Friday, May 2, 2008

The hair in my latte

The word "brunch" was like an enigma to me.

Although some places served from 10-2, rousing from my weekend slumber and actually leaving the house before 1:30 was impossible.

So you can imagine my delight when I awoke one Saturday morning at 10 a.m., fully rested and ready for my eggs benedict and latte.

We arrived at the restaurant and were greeted by glaring, awful lighting. Someone had left the blinds open and we were awash in a cold, white light that comes early spring only to remind us of that long winter we're trying to put behind us.

This, in itself was enough to ruin my mood. Food at a restaurant is actually secondary to lighting in terms of my enjoyment.

But I would not admit defeat so early in my brunch-venture, so I simply put on my sunglasses and ordered my latte.

It came moments later and I took a BIG swig.


"THIS IS COLD!" I alerted the server.
"Cold?" she asked, her face contorted in a way that suggested she had no idea what the word met.
"Yes," I said, "Ice cold."

She grabbed it, walked away without apology and returned a few minutes later with a creamy-hot-cinnamon-y-mess of delight and I thought brunch had finally been saved.

We chatted and sipped, pretended we didn't look like we were under the lights of a doctor's office and waited for our food.

But JUST as I was finishing my latte, I gasped.

Curled, around the remaining flecks of cinnamon and steamed milk, was a long, black, curly, human hair.

I gagged and I whimpered and I was APPALLED.

"Should we leave?" my date asked.

"YES" I panted between caffeinated breaths of disgust.

"Well, what do we do?" he asked again.

WE? What do WE do?

Well, I thought... I go to the bathroom, rid myself of cinna-hair and YOU go complain about it!

But instead of following through with this, I sauntered to the front desk, asked to see a manager, complained to the server and said we would be leaving. And so out the door we went, brunch free.

"That's terrible," he said. "Is there anything I can do to help you feel better? You want to go somewhere else? You want some water or something?"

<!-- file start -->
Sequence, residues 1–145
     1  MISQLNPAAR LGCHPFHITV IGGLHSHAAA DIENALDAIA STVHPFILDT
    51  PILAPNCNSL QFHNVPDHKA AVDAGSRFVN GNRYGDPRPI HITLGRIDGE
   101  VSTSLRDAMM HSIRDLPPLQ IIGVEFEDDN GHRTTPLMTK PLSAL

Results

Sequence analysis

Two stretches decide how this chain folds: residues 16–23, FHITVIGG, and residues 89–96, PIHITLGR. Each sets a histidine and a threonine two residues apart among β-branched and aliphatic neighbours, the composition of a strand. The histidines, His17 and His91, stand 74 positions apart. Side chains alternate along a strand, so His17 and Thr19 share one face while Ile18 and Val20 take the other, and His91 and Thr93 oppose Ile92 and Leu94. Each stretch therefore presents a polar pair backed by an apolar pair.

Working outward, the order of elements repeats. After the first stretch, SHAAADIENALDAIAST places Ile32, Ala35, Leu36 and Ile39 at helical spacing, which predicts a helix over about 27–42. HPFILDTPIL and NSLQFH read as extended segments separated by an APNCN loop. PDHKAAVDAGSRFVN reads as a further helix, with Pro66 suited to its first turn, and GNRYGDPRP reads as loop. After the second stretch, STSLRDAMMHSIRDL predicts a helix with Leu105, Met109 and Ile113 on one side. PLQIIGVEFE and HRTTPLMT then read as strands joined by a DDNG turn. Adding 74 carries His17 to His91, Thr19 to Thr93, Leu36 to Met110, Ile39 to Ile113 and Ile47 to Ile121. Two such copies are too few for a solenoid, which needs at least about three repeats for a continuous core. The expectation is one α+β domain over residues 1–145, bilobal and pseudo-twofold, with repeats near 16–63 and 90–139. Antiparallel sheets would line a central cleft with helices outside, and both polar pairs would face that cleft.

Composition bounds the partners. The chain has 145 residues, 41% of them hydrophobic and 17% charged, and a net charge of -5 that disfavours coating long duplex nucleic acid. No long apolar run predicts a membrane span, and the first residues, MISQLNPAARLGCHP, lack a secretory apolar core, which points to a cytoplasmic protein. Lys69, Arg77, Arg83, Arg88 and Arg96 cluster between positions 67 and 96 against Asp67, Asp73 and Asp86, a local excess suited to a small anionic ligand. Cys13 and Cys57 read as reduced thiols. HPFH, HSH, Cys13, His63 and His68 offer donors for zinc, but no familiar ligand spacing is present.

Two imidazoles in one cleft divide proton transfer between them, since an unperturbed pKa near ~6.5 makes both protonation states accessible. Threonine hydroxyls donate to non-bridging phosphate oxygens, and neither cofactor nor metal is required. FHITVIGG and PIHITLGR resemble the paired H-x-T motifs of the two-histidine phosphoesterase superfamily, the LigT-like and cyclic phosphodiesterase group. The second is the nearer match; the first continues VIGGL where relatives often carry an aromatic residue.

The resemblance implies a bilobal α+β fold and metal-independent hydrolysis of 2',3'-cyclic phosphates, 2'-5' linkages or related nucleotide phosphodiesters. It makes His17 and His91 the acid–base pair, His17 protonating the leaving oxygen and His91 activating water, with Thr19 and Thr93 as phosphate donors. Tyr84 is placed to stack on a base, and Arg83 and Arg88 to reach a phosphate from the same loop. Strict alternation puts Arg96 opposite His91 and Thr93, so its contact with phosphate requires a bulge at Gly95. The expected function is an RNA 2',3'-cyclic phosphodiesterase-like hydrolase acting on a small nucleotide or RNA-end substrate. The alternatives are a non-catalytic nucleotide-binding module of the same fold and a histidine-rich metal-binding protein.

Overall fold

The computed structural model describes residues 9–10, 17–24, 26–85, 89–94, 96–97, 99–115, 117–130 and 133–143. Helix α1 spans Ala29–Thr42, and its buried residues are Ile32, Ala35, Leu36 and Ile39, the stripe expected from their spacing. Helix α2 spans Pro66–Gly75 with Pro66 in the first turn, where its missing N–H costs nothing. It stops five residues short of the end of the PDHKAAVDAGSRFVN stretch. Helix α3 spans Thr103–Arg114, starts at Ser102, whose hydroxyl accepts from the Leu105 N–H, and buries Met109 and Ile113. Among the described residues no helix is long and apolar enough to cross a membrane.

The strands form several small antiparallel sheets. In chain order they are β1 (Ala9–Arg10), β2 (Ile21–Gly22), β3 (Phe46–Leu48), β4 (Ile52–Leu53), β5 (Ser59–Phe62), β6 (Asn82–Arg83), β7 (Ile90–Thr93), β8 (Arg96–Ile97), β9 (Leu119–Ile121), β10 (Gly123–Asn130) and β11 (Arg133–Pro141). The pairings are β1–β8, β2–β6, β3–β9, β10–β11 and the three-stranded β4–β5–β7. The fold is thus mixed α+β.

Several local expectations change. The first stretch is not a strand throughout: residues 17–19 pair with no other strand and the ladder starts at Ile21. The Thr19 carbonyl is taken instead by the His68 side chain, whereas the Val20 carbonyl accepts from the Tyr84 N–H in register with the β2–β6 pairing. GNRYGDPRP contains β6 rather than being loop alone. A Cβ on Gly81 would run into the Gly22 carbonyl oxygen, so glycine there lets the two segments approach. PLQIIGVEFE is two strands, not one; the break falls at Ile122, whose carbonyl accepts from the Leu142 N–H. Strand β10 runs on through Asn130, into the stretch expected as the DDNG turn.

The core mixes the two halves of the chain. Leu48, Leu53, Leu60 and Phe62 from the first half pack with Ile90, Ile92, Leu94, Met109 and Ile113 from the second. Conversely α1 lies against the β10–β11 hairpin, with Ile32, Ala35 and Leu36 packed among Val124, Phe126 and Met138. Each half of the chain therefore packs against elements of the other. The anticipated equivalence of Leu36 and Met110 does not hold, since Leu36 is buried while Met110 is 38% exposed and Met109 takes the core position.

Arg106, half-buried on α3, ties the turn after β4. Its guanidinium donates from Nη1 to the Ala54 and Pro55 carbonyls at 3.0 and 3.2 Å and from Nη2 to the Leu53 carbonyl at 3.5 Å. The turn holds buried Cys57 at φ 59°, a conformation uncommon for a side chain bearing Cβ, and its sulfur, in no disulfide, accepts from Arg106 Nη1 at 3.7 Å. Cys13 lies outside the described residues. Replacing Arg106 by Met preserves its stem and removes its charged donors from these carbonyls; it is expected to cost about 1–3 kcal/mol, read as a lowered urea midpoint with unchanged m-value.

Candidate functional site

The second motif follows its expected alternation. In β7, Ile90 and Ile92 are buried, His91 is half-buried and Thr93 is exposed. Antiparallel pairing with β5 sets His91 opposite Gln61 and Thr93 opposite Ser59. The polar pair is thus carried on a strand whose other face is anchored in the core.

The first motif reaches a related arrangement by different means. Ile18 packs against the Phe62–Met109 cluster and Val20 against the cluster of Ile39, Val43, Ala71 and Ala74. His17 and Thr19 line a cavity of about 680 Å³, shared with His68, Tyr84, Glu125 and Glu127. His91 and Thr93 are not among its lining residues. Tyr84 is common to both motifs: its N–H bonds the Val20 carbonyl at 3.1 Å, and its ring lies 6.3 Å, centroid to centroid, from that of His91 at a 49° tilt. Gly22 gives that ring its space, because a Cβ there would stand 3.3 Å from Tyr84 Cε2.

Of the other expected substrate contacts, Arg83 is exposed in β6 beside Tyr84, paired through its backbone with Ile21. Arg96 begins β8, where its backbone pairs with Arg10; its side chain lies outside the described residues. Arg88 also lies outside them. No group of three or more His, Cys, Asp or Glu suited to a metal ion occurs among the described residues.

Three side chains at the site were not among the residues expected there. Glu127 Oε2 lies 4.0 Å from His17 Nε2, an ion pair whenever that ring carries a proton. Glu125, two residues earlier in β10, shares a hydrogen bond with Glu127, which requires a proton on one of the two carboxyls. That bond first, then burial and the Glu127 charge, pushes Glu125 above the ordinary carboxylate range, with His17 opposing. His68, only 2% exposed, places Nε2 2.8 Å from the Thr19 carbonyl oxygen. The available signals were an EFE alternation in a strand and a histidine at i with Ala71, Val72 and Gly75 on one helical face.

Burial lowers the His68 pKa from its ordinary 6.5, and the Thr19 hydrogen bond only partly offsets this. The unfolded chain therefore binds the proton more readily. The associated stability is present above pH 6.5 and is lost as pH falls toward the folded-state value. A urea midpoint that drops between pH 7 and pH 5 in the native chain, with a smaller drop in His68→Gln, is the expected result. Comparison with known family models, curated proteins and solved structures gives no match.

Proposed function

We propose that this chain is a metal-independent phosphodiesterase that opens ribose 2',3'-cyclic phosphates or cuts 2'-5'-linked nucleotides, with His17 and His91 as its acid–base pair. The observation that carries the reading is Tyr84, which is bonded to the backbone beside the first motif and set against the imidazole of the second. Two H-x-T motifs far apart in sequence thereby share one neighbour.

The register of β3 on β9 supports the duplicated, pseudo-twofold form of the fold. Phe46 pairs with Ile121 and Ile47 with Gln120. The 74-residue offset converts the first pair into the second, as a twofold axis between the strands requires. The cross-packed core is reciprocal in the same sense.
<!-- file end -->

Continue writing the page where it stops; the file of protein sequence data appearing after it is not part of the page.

I said water would be nice, but I kept my real thoughts to myself.

Because what I wanted, wasn't a new meal or a glass of anything to wash the hair down.

But my brunch-venture had ended without the proper etiquette...

And it wasn't just the hair in my latte that ruined it.


sarah said...

I love this story. I feel like I'm there with you two. You've got a talent for writing, Chrissie!

And now that I've greased you like corn (sincerely tho), I can say this...

Your food gripes are your food gripes.

Here's how the guy should react:

Half-way into my juicy chickwhich, my teeth clenched something less than appetizing — a plastic bag!

I pulled it out of my mouth, teeth marks and all, while my stomach and throat began to war. Food up. Food down. Food up. Food down.

"UMMM... EXCUSE ME," I said to the waitress, at volume maximum, gathering the attention of tables nearby. "I HAVE A FOOD ALLERGY TO PLASTIC BAGS."

Off she went to the cook, while my man displayed the proper behavior, whole hearted sympathy.

"Gross, I can't believe there's plastic in your food. Nasty. Yuck. This place is dirty. Sorry for bringing you here. Can you believe the way the waitress didn't apologize? Gees."

Actually, the waitress came back, and annoyed me further.

"That wasn't really in your food. It fell into it," she said.

Right. Whatever. It was a plastic bag. Pulled mid-slide out of my throat.

C and I just looked at each other and rolled our eyes. Knowing I had his support was all I needed. He didn't have to say a word.

Chrissie said...

ewww! plastic!

i see what you're saying about having his support... but i think sometimes we need a little more than that.

and it's not like he said "oh get over it, it's only hair!" or something like that... in which case this would be an entirely different post.

i think it was the question he asked that was bothersome, "what do we do?"

it's hard to be on top of your game and the decision maker when you're eating hair... the panic should have been mine and mine alone, the massaging of the situation should have been his job.

jovial_cynic said...

What?! Really? I don't understand why there's an expectation for the man to step up and solve the problem. Doesn't that just perpetuate the "women are weak and need protection" generalization?

If the guy found hair in his food, do you feel it would be right for the woman to stand up and complain about it? If such a scenario strikes you as odd, perhaps you are forcing men and women into stereotypes.

Chrissie said...